This year, we didn’t celebrate Easter at home like most Romanians do, but instead we went to Bucharest where my wife’s mother lives. It wasn’t planned, but I received a (very minor) blogging award here in Bucharest, the festivities were one week before Easter… so we decided to stay the extra weeks and eat my mother in law’s goodies, while Baby Romanian enjoys the air of our capital city. What did we enjoy the most? The food, of course!
In case you didn’t know, the Romanians love their food and even though more and more are starting to look into healthier options, traditional holiday foods are greasy, full of calories and… delicious. And since I certainly put on a few extra pounds since I have arrived here in Bucharest, I have decided to share with you why: some traditional Romanian Easter dishes!
(note: traditions say that during the Easter celebrations you eat lamb meat. But since we don’t really like the taste of lamb, we changed the ingredients a little bit)
An absolutely delicious dish that is made from the most horrible sounding stuff: the lamb’s organs (heart, liver, lungs and kidneys), mixed up with fresh and boiled eggs, green onions, garlic, parsley and dill. It’s very easy to make and it’s absolutely delicious. The one you see in the image above was made by my wife from chicken liver.
Since people in Romania rarely consume lamb during the year, now it’s the time to eat everything made of lamb. Including a thick, delicious lamb stew filled with delicious spring veggies, rice and homemade pasta and, of course, a lot of home made tomato juice.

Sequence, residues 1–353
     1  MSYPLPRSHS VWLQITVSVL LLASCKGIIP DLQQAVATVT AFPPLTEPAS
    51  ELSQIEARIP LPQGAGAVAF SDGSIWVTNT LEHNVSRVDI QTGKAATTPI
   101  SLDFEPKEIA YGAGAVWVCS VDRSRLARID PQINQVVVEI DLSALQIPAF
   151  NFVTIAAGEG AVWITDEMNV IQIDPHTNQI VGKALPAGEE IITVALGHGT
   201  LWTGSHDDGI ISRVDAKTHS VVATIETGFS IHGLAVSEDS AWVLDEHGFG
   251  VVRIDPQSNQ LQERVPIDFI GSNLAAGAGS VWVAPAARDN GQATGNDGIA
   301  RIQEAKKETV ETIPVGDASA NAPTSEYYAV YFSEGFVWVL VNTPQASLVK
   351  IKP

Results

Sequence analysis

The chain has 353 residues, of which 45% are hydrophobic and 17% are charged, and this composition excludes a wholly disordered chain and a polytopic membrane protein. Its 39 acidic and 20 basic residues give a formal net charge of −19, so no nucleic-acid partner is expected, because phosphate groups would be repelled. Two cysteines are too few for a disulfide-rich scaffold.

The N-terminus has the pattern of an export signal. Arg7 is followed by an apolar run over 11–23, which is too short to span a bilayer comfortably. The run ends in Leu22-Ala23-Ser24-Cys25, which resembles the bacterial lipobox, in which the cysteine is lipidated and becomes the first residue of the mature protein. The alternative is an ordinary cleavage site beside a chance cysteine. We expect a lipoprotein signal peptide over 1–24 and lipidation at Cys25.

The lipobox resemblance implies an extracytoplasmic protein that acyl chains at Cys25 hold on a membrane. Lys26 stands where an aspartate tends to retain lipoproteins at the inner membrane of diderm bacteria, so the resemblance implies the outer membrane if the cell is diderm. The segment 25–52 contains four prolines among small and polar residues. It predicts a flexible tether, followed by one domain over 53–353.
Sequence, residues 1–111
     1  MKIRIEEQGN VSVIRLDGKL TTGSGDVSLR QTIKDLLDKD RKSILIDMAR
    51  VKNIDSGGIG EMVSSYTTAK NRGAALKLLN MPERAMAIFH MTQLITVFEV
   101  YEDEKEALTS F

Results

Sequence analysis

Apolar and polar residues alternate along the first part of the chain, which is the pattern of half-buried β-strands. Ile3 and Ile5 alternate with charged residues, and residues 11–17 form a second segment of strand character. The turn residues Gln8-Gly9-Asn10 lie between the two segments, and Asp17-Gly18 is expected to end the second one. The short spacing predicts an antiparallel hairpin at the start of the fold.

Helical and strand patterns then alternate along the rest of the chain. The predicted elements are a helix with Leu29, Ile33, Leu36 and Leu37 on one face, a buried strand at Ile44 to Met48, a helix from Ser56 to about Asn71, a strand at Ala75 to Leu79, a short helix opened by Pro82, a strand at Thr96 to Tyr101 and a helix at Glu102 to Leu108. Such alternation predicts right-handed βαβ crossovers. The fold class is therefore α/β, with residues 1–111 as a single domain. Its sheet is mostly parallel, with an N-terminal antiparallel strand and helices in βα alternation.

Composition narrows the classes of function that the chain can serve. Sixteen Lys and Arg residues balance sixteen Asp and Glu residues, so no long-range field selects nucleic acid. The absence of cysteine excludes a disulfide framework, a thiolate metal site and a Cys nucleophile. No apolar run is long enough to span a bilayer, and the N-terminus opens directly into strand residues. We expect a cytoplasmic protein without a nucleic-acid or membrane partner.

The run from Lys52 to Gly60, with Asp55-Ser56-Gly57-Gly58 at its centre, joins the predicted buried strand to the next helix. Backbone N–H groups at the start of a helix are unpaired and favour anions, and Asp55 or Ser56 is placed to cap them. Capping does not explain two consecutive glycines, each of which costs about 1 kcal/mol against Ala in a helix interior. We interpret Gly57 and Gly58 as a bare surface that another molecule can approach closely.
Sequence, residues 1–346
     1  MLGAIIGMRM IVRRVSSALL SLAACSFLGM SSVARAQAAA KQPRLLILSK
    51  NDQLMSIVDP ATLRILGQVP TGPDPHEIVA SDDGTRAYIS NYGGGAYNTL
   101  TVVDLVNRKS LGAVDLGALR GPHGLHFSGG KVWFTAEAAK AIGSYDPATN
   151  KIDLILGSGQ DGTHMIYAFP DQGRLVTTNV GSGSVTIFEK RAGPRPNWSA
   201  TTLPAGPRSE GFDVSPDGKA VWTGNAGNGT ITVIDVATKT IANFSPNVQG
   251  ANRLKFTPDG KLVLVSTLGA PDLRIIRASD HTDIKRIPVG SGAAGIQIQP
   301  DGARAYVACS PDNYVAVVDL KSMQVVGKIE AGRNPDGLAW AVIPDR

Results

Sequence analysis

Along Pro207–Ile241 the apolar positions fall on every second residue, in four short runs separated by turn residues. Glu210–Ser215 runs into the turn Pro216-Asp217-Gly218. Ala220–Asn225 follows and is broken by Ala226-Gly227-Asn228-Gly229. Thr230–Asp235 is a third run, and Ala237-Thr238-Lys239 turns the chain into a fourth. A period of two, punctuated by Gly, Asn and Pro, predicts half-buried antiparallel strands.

Translated as “cabbage rolls” these are traditional eats for Christmas and the New Year celebrations, but many prepare them for Easter too. Basically, we have minced pork meat, mixed with onions and rice, rolled in sauerkraut and boiled in a mixture of the sauerkraut’s juice, water and tomatoes. The result? Something absolutely delicious!
A lot more delicious than it looks in the photos (and we forgot to take some better pictures, too), this is a kind of a pie made with cheese, sugar, raisins and a lot of flavors. I would compare its taste with that of cheesecake, but Pasca is of course more delicious. Ha!
Again, something that’s traditionally baked on any occasion. It was my wife’s first try and they were delicious, even though the filling was too much and they cracked during the baking. They’re pretty easy to prepare: sweet dough rolled with a sweet mixture of walnuts, cocoa, raisins and Turkish delight (the last two can be omitted) and baked until ready.
So… there you have it! These are the traditional things that Romanians eat during the Easter holidays and the reasons why I gained so much weight.